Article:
When asked by The Yakima Heraldwhy he was at the Yakima rally, sixty-nine year old Jack Weston replied:
“Bank bailouts should never have happened. Taking over the car companies should never have happened,” he said.
He ultimately came away encouraged. “I’m doing a small part in protecting this county.”
The largest of the spending protest occurred in Washington D.C. with a!
n estimated tens of thousands converging on the Capitol. The New York Times reports the number of protesters took authorities by surprise:
A sea of protesters filled the west lawn of the Capitol and spilled onto the National Mall on Saturday in the largest rally against President Obama since he took office, a culmination of a summer-long season of protests that began with opposition to a health care overhaul and grew into a broader dissatisfaction with government.
On a cloudy and cool day, the demonstrators came from all corners of the country, waving American flags and handwritten signs explaining the root of their frustrations. Their anger stretched well beyond the health care legislation moving through Congress, with shouts of support for gun rights, lower ta!
xes and a smaller government . . .
tyle="margin-left: 40px;">The demonstrators numbered well into the tens of thousands, though the police declined to estimate the size of the crowd. Many came on their own and were not part of an organization or group. But the magnitude of the rally took the authorities by surprise, with throngs of people streaming from the White House to Capitol Hill for more than three hours.
The federal budget deficit for the first 11 months of fiscal year 2009 was almost $1.4 trillion, CBO estimates, close to $900 billion greater than the deficit recorded through August 2008. Outlays were $518 billion (or 19 percent) higher and revenues $365 billion (or 16 percent) lower than the amounts recorded during the same period last year!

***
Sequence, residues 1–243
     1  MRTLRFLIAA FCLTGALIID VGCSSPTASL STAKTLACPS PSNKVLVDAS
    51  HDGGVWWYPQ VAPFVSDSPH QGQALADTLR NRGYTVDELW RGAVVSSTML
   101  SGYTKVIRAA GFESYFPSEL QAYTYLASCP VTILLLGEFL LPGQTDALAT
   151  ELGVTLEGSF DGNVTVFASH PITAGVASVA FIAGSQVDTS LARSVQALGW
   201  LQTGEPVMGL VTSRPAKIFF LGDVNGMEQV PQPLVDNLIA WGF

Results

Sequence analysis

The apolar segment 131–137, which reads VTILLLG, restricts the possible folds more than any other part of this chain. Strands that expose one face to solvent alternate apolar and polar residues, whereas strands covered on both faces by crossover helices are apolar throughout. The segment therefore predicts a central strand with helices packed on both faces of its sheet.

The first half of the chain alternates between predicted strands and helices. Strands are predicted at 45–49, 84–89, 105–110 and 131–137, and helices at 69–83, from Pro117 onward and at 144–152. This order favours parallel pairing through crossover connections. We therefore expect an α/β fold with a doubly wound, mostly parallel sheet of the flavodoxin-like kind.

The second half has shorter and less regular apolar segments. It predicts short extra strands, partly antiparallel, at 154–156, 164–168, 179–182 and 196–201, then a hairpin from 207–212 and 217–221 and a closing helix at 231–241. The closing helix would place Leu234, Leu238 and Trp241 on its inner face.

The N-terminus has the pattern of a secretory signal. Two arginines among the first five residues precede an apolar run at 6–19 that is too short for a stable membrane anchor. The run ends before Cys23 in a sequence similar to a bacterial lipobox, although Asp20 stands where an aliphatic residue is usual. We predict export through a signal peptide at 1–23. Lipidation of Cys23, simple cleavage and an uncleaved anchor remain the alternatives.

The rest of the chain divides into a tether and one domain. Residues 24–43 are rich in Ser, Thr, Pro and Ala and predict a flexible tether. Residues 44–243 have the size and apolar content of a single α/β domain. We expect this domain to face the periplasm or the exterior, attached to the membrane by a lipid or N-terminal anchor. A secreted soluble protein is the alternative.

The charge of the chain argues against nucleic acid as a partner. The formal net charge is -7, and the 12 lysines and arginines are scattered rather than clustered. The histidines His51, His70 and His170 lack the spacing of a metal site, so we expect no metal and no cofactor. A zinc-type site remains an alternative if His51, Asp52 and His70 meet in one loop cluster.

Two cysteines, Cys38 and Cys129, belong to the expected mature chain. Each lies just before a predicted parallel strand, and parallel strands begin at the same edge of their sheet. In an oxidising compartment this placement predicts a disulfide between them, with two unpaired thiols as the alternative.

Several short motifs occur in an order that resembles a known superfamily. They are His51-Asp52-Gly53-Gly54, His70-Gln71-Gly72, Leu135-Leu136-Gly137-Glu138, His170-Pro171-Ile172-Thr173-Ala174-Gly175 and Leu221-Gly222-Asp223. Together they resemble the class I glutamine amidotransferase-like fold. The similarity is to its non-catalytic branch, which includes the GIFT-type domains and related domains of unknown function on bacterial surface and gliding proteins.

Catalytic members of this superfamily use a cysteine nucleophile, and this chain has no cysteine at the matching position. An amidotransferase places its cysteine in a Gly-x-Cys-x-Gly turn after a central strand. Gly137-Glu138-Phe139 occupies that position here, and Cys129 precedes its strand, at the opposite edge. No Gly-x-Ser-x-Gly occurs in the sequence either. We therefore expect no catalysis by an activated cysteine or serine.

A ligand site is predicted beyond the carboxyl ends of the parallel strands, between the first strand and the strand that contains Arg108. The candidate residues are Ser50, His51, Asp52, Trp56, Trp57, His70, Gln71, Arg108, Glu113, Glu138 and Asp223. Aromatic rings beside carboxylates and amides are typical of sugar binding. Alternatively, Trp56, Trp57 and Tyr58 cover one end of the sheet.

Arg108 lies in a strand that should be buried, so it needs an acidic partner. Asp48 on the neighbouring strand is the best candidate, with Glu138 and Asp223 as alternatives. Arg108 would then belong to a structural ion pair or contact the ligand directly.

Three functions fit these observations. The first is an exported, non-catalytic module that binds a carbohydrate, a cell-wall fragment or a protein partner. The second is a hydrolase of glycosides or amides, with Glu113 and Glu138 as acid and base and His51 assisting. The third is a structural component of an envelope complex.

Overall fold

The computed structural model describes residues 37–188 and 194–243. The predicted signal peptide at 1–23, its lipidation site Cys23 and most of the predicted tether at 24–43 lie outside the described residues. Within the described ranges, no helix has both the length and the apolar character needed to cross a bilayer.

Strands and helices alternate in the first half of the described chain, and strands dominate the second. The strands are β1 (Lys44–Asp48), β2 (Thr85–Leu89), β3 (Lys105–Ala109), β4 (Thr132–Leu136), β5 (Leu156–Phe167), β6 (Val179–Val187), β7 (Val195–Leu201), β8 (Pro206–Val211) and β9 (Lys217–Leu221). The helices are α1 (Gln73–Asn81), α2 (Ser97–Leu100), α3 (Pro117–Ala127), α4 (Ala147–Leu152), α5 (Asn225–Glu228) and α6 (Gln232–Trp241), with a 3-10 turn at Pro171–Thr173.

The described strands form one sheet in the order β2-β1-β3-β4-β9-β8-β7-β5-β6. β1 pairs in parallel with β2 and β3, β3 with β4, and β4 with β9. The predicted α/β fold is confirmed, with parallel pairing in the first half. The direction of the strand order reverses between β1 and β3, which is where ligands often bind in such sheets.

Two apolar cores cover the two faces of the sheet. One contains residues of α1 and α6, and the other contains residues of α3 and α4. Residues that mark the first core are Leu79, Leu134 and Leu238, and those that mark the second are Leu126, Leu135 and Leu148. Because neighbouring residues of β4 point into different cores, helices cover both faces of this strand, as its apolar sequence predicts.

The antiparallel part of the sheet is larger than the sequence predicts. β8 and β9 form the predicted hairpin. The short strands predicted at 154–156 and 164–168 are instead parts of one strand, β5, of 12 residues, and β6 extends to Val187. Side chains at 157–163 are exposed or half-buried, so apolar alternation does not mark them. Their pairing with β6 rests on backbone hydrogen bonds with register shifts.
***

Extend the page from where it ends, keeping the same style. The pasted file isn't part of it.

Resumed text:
. . .
Outlays for the first 11 months of fiscal year 2009 neared $3.3 trillion, 19 percent more than in the same period last year. (The increase comes to 20 percent when the amounts are adjusted for shifts in the timing of certain payments.) Much of the growth in outlays stems from spending for the Troubled Asset Relief Program (TARP), cash disbursements for Fannie Mae and Freddie Mac, and spending for ARRA. Without those effects, total federal spending would be up by only 7 percent.
Thus far, the Treasury has recorded $174 billion in costs for the TARP and $83 billion in net cash payments to the GSEs. Through August, approximately $85 billion has been spent as a result of ARRA. About one-third of that amount ($28 billion) was for the temporary increase in the federal share of Medicaid costs. Unemployment benefits also have been boosted—by $16 billion—because of ARRA; higher unemployment and other legislat!
ed increases also contributed to the rapid growth in that program’s s!
pending since last year. Other provisions of ARRA contributed about $40 billion to the increase in outlays for “Other Activities,” mainly for payments to Social Security beneficiaries, grants to states (from the State Fiscal Stabilization Fund), student aid, and food and nutrition programs.
Jason Mercier is Director of the Center for Government Reform at Washington Policy Center and is based in the Tri-Cities. He serves on the boards of the Washington Coalition for Open Government and CandidateVerification, and was an advisor to the 2002 Washington State Tax Structure Committee. Jason is an ex-officio for the Tri-City Regional Chamber of Commerce. In June 2010, former Governor Gregoire appointed Jason as WPC’s representative on her Fiscal Responsibility and Reform Panel.